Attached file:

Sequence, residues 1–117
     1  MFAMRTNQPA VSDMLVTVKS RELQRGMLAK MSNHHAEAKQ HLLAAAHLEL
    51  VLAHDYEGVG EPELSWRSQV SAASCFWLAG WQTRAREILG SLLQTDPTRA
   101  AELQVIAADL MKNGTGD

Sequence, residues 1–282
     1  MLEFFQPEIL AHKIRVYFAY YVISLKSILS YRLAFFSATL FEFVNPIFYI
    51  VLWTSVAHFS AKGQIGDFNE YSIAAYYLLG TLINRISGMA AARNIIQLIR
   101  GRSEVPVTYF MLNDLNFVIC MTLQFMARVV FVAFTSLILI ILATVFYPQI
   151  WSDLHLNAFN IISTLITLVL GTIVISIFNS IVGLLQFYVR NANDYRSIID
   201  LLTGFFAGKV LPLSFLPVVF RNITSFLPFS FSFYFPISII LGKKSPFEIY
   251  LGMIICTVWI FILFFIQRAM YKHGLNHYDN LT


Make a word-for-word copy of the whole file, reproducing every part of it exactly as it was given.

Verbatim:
Sequence, residues 1–117
     1  MFAMRTNQPA VSDMLVTVKS RELQRGMLAK MSNHHAEAKQ HLLAAAHLEL
    51  VLAHDYEGVG EPELSWRSQV SAASCFWLAG WQTRAREILG SLLQTDPTRA
   101  AELQVIAADL MKNGTGD

Sequence, residues 1–282
     1  MLEFFQPEIL AHKIRVYFAY YVISLKSILS YRLAFFSATL FEFVNPIFYI
    51  VLWTSVAHFS AKGQIGDFNE YSIAAYYLLG TLINRISGMA AARNIIQLIR
   101  GRSEVPVTYF MLNDLNFVIC MTLQFMARVV FVAFTSLILI ILATVFYPQI
   151  WSDLHLNAFN IISTLITLVL GTIVISIFNS IVGLLQFYVR NANDYRSIID
   201  LLTGFFAGKV LPLSFLPVVF RNITSFLPFS FSFYFPISII LGKKSPFEIY
   251  LGMIICTVWI FILFFIQRAM YKHGLNHYDN LT